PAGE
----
Eliminating that concern is where the switching studies come in. The draft guidance proposes that to demonstrate interchangeability, a sponsor would need to conduct one or multiple switching studies for products that are intended to be administered to an individual more than once. An applicant would have to use a U.S.-licensed reference product for the switching studies.1 The FDA currently allows manufacturers to utilize non-U.S.-licensed reference products for biosimilar approval as long as there is a bridging study to the U.S.-licensed product. “We are concerned that the guidelines laid out for the switching studies may be unnecessarily onerous and significantly delay the time taken to demonstrate interchangeability,” says Donald Dempsey, Vice President of Policy and Regulatory Affairs for CVS Health. In particular, CVS disputes the need to use U.S. reference products, which would increase costs and slow down any movement to interchangeability applications by companies that, for example, have started switching studies using European Union (E.U.)-available reference products, which are cheaper.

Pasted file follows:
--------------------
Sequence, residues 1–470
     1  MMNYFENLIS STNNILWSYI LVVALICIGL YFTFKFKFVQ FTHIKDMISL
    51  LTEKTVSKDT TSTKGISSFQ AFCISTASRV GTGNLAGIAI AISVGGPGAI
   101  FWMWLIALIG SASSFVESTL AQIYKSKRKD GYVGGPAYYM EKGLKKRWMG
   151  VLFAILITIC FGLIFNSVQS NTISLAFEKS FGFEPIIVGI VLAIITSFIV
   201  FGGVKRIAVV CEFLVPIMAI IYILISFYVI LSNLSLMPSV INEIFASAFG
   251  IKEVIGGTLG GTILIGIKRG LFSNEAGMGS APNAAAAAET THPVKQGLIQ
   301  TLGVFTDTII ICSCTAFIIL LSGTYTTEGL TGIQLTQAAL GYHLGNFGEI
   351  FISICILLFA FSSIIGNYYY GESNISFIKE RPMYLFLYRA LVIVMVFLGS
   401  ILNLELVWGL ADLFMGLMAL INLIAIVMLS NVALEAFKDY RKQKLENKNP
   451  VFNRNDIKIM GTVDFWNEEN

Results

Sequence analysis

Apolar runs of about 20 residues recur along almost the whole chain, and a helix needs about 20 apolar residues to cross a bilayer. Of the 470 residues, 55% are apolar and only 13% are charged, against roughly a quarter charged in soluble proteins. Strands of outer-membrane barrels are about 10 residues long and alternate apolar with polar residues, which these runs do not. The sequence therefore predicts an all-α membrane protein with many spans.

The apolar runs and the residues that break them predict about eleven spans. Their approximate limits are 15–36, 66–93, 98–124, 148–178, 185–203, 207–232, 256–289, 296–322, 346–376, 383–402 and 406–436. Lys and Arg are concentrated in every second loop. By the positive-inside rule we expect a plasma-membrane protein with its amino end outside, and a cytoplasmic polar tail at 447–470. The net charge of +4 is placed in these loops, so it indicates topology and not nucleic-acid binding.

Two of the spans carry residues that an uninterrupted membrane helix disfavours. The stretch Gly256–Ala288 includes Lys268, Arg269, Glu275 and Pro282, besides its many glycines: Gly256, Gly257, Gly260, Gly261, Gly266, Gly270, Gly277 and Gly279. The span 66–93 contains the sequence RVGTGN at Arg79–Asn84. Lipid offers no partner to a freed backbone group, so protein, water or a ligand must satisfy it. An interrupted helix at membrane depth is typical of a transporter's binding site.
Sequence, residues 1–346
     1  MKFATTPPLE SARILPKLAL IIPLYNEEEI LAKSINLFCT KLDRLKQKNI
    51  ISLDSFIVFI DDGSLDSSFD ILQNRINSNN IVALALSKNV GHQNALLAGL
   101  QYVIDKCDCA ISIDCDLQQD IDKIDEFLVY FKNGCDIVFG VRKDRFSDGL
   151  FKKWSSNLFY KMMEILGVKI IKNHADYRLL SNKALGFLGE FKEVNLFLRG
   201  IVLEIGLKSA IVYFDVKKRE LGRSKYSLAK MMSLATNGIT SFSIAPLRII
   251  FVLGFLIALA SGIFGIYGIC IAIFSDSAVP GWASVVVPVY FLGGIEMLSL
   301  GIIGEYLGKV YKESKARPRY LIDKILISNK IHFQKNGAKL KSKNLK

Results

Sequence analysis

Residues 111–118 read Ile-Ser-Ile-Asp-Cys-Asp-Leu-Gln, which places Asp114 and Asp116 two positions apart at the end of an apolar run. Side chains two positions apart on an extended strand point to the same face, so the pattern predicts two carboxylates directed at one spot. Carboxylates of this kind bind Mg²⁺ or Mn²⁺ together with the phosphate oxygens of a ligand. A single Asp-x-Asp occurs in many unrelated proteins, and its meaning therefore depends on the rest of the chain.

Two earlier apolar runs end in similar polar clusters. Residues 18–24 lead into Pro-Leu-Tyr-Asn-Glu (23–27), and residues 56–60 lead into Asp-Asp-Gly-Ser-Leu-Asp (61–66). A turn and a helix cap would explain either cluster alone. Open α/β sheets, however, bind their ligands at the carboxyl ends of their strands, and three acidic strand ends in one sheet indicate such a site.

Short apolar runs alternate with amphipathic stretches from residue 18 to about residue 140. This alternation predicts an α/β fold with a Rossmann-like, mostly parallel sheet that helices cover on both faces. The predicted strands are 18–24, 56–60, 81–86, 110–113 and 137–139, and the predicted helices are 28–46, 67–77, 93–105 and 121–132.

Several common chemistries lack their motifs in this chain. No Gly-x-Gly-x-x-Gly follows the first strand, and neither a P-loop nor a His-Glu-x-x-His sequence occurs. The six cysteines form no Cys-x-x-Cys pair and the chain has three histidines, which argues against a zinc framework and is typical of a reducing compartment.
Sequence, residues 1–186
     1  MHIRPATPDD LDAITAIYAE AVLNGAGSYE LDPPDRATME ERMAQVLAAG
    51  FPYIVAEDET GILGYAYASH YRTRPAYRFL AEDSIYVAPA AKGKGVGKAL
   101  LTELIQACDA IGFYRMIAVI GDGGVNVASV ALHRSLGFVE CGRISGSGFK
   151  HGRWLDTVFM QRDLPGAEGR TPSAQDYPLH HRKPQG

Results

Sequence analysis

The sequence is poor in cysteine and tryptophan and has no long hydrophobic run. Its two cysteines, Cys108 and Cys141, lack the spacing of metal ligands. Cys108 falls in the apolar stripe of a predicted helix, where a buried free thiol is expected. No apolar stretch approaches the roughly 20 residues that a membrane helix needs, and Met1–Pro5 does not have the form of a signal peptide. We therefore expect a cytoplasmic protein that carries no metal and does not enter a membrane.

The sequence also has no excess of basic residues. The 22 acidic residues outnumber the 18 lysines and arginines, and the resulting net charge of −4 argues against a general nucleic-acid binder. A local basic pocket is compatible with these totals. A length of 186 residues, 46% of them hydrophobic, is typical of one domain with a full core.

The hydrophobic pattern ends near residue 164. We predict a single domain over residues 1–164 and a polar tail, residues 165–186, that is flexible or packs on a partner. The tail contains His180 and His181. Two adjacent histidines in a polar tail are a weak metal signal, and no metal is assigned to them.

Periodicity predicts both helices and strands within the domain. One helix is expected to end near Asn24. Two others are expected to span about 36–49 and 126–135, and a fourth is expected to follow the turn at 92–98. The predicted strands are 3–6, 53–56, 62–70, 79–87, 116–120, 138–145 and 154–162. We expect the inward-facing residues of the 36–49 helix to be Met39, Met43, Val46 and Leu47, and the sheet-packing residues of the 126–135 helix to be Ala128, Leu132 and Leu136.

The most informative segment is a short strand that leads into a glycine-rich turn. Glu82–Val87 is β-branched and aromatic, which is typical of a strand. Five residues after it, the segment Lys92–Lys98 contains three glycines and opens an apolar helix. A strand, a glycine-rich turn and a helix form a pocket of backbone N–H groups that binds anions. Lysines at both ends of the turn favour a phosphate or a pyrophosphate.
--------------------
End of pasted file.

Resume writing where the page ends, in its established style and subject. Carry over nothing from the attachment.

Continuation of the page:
Physicians generally want a higher bar for switching studies and automatic switching by pharmacists. The Biologics Prescribers Collaborative (BPC), composed of physician trade groups, such as the American Association of Clinical Endocrinologists, American College of Rheumatology, and American Gastroenterological Association, wants the FDA to require three switching studies. Moreover, it supports requiring switching studies to be done only with U.S. reference products. The BPC argues there are differences in antigen binding and other technical aspects in E.U. biologics compared with U.S. biologics. These variations could impact patients differently, resulting in clinical studies that do not reflect the patient experience appropriately.